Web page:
Max Foster: Meeting with Trump is riddled with pitfalls for May and she knows it
She needs good ties with EU, given she's about to start negotiating with it, he says
Theresa May will be making history Friday as she becomes the first foreign leader to be welcomed at the White House by President Donald Trump.
It’s Trump’s first test on the world stage, and we will all be tuning in to see how he does, but for the British leader, the visit is much more than a photo opportunity.
She’s likely to get the nod on a trade deal, which she needs to offset the cost of Britain leaving the European Union. It will also help her show opponents, both domestically and internationally, that she has a credible post-Brexit plan.
The White House meeting has been heralded in London as a diplomatic coup, and comparisons are already being made to the special relationship enjoyed by Margaret Thatcher and Ronald Reagan. But they were natural bedfellows; getting too close to Trump carries a number of risks for May.
For a start, the UK isn’t allowed to negotiate its own trade deals as long as it is still part of the EU, and there is a genuine fear in Brussels that Trump is out to destroy the bloc.
He hasn’t made any secret of his support for Brexit and recently told The Times of London: “I think people want … their own identity, so if you ask me … I believe others will leave.” He is even expected to confirm a Brexiteer Ted Malloch as the next US ambassador to the EU.
Malloch told the BBC last week: “Mr. Trump has clearly said that any trade deals with anyone frankly in the future will be done on a bilateral basis.”
Pressed on whether other EU countries could be offered a similar deal as the UK’s, Malloch said: “I think the idea of offering such a deal – again negotiated on a bilateral basis – to other European countries is an ingenious one, and it circumvents a certain bureaucratic organization called the European Union.”
While May does need a good relationship with Trump, she also needs a good relationship with the EU, given that she’s about to start negotiating with it about the terms of Britain’s exit from the bloc.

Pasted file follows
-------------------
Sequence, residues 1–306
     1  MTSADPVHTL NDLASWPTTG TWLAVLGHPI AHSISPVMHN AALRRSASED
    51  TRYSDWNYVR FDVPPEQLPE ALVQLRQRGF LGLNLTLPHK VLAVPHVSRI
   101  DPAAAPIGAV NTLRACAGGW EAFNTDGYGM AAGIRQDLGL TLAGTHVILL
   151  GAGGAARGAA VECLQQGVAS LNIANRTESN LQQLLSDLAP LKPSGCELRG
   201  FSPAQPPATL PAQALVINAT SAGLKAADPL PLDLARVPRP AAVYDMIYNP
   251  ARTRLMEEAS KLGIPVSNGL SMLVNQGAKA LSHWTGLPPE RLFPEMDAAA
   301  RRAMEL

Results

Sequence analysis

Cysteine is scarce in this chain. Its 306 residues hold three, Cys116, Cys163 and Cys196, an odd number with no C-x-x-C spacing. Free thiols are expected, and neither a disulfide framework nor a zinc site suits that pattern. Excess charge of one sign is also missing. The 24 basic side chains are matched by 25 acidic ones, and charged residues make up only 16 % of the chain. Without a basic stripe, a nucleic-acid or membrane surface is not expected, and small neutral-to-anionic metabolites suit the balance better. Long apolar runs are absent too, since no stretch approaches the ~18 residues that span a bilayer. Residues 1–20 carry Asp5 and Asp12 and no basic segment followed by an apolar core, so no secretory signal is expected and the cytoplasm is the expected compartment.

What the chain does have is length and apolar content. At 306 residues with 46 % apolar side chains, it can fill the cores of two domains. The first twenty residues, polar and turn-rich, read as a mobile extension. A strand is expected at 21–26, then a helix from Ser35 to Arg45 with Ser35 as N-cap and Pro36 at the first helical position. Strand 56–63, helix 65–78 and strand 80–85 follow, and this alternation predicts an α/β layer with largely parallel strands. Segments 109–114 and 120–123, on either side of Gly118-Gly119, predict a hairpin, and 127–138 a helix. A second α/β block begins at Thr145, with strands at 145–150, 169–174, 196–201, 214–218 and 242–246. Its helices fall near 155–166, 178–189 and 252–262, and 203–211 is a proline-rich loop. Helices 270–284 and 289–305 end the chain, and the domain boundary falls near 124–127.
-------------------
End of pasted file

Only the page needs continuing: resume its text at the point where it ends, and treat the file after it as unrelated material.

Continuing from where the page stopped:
A US trade deal that is meant to strengthen her position could ultimately have the opposite affect if she is seen to be siding with someone set to bring the whole system down.
Trump’s “early embrace” of the British will inevitably be seen as an attempt to divide Europe, according to Jonathan Eyal at the Royal United Services Institute, an independent defense and security think tank in London.
“The last thing that the UK needs is to be regarded as a battering ram for a US administration which wishes to promote the break-up of the EU,” Eyal wrote this week.
If he plans to finish it by taking aim at the EU during his meeting with May, it will put her in a very awkward position. Only last week, she said: “We do not want to undermine the single market, and we do not want to undermine the European Union. We want the EU to be a success and we want its remaining member states to prosper.”
If Europe weren’t enough of an issue, there are a couple of other issues that the two leaders seem to disagree on. Earlier this week in Parliament, May was asked by a member of her own Conservative Party to make it clear to Trump that in no circumstances will she permit Britain to be dragged into facilitating torture. She clarified: “We do not sanction torture and do not get involved in it.”
Hours later, Trump, in an interview to ABC News, suggested he could be open to bringing back torture because he “absolutely” believes it works.
May’s meeting with Trump is a landmark moment, but it’s riddled with pitfalls for her and she knows it. Her plan is to “renew the special relationship for a new age,” and she insists she isn’t afraid to talk “frankly” with the US leader.
We’ll see how Trump copes with that as he shares the cameras for the first time with another world leader.